The Strathmartin road bridge where the extension carried on from Fairmuir Yard to Maryfield Goods Yard. The line ran in a deep cutting , which
has been backfilled from here to Maryfield.

Left: The track bed to Maryfield from Strathmartin Road is backfilled and forms part of Fair Muir Park. Right: The track bed is fenced off by Fairmuir Street.
A point of interest is that modern railway fencing has been used, which suggests that Rail track is still responsible for such work.

Left: The track bed from Fairmuir is behind this worksite. Right: Old Glamis Road. There is no sign that the railway ran in a deep cutting
with an over bridge at this point. The track bed runs left to right through the entrance of the car sales yard, towards Maryfield.

Two views from Balgray Place. Left: The telephone post is central to the track bed looking towards Maryfield Goods Yard. Right: The track bed is
central to the photograph looking towards Fairmuir Junction. These two photos show how much backfilling has been done.
The back gardens have been extended over part of the cutting.


Two views from Graham Street. Left: Looking towards Fairmuir Jctn, with Dundee College buildings on the left. There has been much backfilling.
Right: On the east side of  Graham Street, standing on the backfilled track bed looking towards Fairmuir Jctn.

Left: Also from Graham Street. The track bed ran in line with the new 'white' house up ahead, where it entered Maryfield Goods Yard.
The houses on the right are built upon the site of the the Douglas Foundry. Right: the yard looking towards the Clepington Road.
On the far left is a heap of soil used for the backfill. The original cutting spoil was used in the building of  Riverside Drive.

The track bed between Fairmuir Goods and Maryfield Goods yard. You can make out the widening of the railway as it formed Maryfield Goods
Yard on the right

Layout of Maryfield Goods yard. The Douglas Foundry, which is now a housing estate, which is steadily
creeping towards Maryfield yard.

A diagonal view looking across the yard towards Clepington Road. Right: Roughly centre of the Yard looking towards the branch,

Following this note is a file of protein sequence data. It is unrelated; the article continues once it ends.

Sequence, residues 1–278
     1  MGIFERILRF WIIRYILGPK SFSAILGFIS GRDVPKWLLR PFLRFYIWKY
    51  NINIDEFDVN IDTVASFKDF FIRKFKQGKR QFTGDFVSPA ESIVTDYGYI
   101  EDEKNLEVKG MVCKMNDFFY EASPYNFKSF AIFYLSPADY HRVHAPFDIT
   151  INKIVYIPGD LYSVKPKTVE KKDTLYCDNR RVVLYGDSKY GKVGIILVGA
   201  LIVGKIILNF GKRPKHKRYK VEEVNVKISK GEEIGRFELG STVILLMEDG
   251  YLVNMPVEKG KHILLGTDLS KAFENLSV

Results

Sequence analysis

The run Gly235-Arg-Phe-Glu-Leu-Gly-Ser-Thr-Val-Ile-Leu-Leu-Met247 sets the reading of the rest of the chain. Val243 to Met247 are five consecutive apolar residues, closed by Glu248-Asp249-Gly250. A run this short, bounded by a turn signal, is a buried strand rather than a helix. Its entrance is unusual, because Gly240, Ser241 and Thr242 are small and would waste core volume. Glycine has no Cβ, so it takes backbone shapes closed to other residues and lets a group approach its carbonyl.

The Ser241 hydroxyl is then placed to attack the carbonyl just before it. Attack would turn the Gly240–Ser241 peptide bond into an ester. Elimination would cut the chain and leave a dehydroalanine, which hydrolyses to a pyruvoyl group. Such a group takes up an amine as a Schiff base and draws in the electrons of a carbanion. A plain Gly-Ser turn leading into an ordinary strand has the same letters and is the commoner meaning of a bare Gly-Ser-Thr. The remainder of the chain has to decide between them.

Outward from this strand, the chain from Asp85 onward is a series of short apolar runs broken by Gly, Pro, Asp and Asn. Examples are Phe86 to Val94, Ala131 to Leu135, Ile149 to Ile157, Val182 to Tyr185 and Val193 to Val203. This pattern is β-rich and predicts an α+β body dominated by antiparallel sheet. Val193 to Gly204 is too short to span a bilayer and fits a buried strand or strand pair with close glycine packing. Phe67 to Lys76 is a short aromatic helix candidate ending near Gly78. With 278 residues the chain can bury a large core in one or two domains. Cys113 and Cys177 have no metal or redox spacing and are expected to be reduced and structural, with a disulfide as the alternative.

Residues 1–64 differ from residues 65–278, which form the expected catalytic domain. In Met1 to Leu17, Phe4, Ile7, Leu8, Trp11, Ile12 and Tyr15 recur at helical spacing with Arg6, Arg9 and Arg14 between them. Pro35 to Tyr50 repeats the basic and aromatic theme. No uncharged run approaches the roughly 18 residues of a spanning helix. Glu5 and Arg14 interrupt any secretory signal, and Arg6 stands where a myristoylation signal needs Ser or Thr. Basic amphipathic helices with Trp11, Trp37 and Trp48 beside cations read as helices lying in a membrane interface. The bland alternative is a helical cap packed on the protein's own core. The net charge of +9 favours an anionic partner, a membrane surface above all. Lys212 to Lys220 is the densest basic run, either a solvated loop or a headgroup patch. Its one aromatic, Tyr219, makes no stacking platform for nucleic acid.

which is on the far right.

Left: The yard looking westwards up to the present day fencing. Right: On the entrance road from Clepington Road and
entering the goods yard. The branch ran in from the 'white' house beyond and to the right of the parked lorry.

Left: This old building on Clepington Road near the entrance to the goods yard may have been railway property!
Right: Rear of the building within the goods yard site.

Maryfield Goods Yard paremeter. From the Clepington Road


Left: From the back of a brake van, between Muirfield and Maryfield as the train approached Muirfield Goods yard. In the distance you can see the over bridge on Old Glamis Road.
Right: As close as you are ever likely to get to the same view as on the left. The brake van was in the shadow of the north side of the Strathmartin Road bridge, which, would
have been almost directly below the paving slabs in the 2009 photo.

Reverse view of Strathmartin Road bridge. The brake van would have been roughly
where the Daffodils up ahead are. 

Left: Shunting at Maryfield. This is at the lead-in off the branch. A train is being marshalled ready for returning to Dundee. Left: Note the depth of the cutting
and the high road bridge at Graham Street. You can also see the next bridge back at Balgray Place. The backfill  is now level with the road bridge. The shunters
are standing pretty much at the spot of the new 'white' house mentioned above
. The shunter on the left is pinning down wagon brakes, while his colleague is
back onto near siding to pick up more wagons, before setting out of the yard and back onto the wagons on the left to form the completed train. The wagon brakes
will assure a firm buffer-up, ready for the coupling of the front portion on to the rear portion. Right: The completed train waiting for departure.  In both photos
the background is filled with the Douglas Foundry, which is now a housing estate, as indeed is this part of the yard.


  Back to D&N Index

Links & Reading:

The Dundee & Newtyle Railway by Niall Ferguson.  Still available from some books shops and on the Internet.

The Dundee & Newtyle (A history by Elliot Simpson)

http://www.auchterhouse.com/history/railway.htm  (Includes and excellent map of the railway)

http://www.geograph.org.uk/search.php?i=7762615   Excellent 'remains' photos including the Law Tunnel, Balbeuchley Incline and Dronley

http://www.hows.org.uk/personal/rail/incline/dund.htm Explains the inclines but sketches are very poor quality and almost useless.

Video Screen grabs from the The Railways Of Scotland Volume 8 "Dundee". An excellent video available on DVD, from Cinerail at: http://www.cinerail.com/cinerail/railways-of-scotland.html  There are many great archive scenes of almost every Scottish
route you can think of. Well worth a look.

The Cromford & High Peak Incline railway in Derbyshire has been luckier in having much of it's buildings, including an Engine House preserved. This is what could have happened, indeed, should have happened with at least one of the D&N inclines.
However, the C&H gives an excellent comparison of what the D&N would have looked like. 


Boddam To Ellon Branch (Walks)   By Bill Reid.